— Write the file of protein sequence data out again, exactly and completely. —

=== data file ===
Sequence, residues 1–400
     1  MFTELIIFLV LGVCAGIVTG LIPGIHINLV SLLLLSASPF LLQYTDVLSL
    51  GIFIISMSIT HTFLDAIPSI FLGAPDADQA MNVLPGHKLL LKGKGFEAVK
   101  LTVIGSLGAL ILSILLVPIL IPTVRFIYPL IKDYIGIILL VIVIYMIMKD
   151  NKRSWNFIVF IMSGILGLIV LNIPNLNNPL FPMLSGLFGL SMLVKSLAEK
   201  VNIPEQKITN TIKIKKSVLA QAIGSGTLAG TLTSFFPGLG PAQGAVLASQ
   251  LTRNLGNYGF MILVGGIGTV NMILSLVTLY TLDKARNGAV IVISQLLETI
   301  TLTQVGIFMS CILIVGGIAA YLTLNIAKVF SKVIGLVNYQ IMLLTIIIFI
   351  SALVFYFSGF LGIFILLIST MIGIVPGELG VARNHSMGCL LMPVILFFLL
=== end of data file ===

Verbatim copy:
Sequence, residues 1–400
     1  MFTELIIFLV LGVCAGIVTG LIPGIHINLV SLLLLSASPF LLQYTDVLSL
    51  GIFIISMSIT HTFLDAIPSI FLGAPDADQA MNVLPGHKLL LKGKGFEAVK
   101  LTVIGSLGAL ILSILLVPIL IPTVRFIYPL IKDYIGIILL VIVIYMIMKD
   151  NKRSWNFIVF IMSGILGLIV LNIPNLNNPL FPMLSGLFGL SMLVKSLAEK
   201  VNIPEQKITN TIKIKKSVLA QAIGSGTLAG TLTSFFPGLG PAQGAVLASQ
   251  LTRNLGNYGF MILVGGIGTV NMILSLVTLY TLDKARNGAV IVISQLLETI
   301  TLTQVGIFMS CILIVGGIAA YLTLNIAKVF SKVIGLVNYQ IMLLTIIIFI
   351  SALVFYFSGF LGIFILLIST MIGIVPGELG VARNHSMGCL LMPVILFFLL